Style: Symphonic Power Metal
Release Date: 6 Mar 2020
Sites: Metal Archives
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After last year's excellent second album from The Dark Element, Anette Olzon appears eager to team up with another foreign musician for a new project. In this instance, it's the American singer Russell Allen, surely best known for his work with Symphony X. As the backing musicians are Swedish, I guess this is more Olzon's project than Allen's, but, if so, she generously gives him a lot of space to shine here.
Of the eleven songs on offer, Allen and Olzon get three each, with the other nowhere to be found. The remaining five are duets, meaning that each singer in the name of the band sings on eight songs but the two musicians who play behind them feature on all eleven. What's more, while Anders Köllerfors sits behind the drumkit throughout, Magnus Karlsson handles everything else. He's been in a whole slew of bands, perhaps most obviously Primal Fear, so he's a highly experienced musician, but he contributes the bass, the keyboards and all the guitars.
He provides an excellent backing track for the singers to strut their stuff over and he does so on every song, so I wouldn't be amiss to rename the band to Karlsson. Primal Fear ventured into thrash, so it's not surprising to see Karlsson get heavy on occasion and I appreciated that. The beginning of I'll Never Leave You is as heavy as this album gets, though Lost Soul has a real crunch too. Even on those two, though, melody remains paramount.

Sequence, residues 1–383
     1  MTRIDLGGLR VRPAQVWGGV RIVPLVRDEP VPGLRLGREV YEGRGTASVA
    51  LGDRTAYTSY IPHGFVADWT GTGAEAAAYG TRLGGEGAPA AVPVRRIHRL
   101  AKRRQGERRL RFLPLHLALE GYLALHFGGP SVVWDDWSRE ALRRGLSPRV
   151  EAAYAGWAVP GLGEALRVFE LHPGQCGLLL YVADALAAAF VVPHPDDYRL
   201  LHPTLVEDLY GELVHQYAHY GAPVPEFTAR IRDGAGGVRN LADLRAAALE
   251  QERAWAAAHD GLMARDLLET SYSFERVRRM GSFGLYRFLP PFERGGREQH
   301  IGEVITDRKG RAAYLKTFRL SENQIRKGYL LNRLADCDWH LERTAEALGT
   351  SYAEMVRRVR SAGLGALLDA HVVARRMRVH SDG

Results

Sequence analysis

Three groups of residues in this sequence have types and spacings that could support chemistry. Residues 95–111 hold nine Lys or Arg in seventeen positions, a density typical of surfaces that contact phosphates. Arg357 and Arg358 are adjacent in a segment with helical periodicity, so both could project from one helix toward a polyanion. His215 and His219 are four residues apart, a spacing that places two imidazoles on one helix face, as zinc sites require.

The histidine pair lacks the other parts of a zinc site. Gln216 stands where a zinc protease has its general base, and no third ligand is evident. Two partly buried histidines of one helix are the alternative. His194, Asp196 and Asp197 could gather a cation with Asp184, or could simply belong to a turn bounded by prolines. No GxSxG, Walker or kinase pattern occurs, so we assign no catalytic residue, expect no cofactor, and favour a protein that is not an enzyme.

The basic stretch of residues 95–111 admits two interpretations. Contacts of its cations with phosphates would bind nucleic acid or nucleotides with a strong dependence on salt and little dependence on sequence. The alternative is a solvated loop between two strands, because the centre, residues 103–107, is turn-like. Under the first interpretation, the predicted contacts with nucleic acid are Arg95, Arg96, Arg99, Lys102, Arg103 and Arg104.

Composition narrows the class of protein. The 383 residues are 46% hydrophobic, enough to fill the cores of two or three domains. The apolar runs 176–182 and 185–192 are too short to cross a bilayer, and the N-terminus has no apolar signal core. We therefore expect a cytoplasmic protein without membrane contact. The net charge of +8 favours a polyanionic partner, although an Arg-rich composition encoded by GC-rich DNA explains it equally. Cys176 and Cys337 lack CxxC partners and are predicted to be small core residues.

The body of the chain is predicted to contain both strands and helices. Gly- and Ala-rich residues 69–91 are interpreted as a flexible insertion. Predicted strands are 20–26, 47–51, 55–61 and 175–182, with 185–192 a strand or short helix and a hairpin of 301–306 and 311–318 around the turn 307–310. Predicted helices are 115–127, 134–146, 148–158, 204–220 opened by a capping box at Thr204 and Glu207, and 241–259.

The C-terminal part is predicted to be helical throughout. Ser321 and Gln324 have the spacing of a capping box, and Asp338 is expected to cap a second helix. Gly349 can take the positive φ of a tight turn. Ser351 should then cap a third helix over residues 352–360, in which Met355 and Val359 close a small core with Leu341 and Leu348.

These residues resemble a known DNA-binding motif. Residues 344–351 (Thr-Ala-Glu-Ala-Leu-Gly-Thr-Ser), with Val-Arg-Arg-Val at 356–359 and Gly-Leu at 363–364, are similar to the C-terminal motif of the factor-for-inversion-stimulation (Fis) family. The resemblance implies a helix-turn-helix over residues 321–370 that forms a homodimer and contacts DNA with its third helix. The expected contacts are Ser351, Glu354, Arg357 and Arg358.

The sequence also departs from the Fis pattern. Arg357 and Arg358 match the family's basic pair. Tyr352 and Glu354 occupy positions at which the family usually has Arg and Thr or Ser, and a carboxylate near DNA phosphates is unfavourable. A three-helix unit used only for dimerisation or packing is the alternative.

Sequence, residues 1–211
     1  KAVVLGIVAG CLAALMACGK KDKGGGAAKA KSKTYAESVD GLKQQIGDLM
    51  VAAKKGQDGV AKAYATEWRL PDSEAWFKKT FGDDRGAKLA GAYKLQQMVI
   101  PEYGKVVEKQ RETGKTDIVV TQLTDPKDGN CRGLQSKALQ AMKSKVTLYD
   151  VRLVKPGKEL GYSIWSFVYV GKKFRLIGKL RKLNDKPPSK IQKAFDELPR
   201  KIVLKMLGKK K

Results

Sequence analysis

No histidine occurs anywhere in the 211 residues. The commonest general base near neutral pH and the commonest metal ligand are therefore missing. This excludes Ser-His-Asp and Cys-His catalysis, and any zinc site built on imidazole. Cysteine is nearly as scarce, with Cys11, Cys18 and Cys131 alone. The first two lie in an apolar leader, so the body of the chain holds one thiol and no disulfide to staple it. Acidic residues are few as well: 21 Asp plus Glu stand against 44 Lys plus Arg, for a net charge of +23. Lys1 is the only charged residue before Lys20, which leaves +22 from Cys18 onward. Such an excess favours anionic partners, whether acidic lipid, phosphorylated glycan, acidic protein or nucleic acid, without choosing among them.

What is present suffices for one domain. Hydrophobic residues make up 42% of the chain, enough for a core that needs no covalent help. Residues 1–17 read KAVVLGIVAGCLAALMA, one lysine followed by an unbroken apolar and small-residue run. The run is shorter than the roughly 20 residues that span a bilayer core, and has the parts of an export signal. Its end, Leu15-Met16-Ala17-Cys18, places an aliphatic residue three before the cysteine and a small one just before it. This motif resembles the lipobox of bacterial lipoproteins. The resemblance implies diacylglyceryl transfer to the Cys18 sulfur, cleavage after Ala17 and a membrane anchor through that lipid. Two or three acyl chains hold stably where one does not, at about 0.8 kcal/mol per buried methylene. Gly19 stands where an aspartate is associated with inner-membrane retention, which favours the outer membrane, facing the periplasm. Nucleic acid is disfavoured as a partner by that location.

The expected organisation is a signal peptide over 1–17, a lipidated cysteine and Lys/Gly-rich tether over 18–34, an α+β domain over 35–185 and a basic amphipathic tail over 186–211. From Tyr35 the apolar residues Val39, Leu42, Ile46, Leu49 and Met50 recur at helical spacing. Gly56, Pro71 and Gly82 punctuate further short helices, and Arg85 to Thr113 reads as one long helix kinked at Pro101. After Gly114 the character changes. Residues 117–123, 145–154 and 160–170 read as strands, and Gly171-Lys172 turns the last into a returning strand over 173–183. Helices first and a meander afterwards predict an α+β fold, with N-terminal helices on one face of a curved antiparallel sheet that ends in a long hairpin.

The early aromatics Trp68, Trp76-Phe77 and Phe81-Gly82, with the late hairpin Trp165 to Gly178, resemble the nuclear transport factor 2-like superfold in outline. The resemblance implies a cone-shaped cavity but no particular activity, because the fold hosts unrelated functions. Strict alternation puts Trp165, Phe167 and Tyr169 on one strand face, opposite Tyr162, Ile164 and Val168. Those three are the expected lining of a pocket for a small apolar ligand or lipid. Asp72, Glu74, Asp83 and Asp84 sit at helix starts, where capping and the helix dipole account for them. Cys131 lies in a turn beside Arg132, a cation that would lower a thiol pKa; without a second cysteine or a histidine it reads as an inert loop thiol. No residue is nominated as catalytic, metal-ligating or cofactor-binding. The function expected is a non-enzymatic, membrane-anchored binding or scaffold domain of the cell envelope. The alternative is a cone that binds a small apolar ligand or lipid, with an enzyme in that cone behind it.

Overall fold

Lost Soul could easily have been an early Dio song, with a different vocal approach. Allen is more than able to taken on that epic Dio style and he's not entirely unwilling to do it here, because he turns that up on My Enemy, but it's not as overt on Lost Soul as it could have been. Another stylistic shift is to folk on I'll Never Leave You but, unlike the latest album from Nightwish, the band Olzon used to sing for, her voice can get fluttery and folky without the song losing its symphonic power metal base.
What surprised me, given that I've long been a fan of Olzon's and I tend to prefer my symphonic metal with female vocals, it was Allen's solo songs that leapt out at me the most. Second single Never Die is like a textbook for any symphonic metal students out there and that's his. Lost Soul is his too, as is Who You Really Are and those are probably my three favourite tracks here.
I think part of it may be that he really gives himself to the material, just as much on his solo songs as the duets. Olzon is more than willing to match him on the latter, and she's easily capable of doing so, but she holds back on her solo songs to focus more on technique than emotion. For instance, she nails One More Chance from the technical side, and manages to reach a truly impressive height in the process, but I'd suggest that, should that one have been a duet, she'd have put more emphasis and emotion into it to follow him.
And all that leaves this an oddity for Olzon. If this is more her band than Allen's, she pretty much handed it over to him. As great as she was on that album last year with The Dark Element's name on it, I'm seeing this one as a Magnus Karlsson album with Allen singing lead and Olzon showing up for some duets. I don't quite think that's how they envisaged it. I'm leaving it with a wish to check out Karlsson's solo album, Free Fall, which features Allen on the opening track.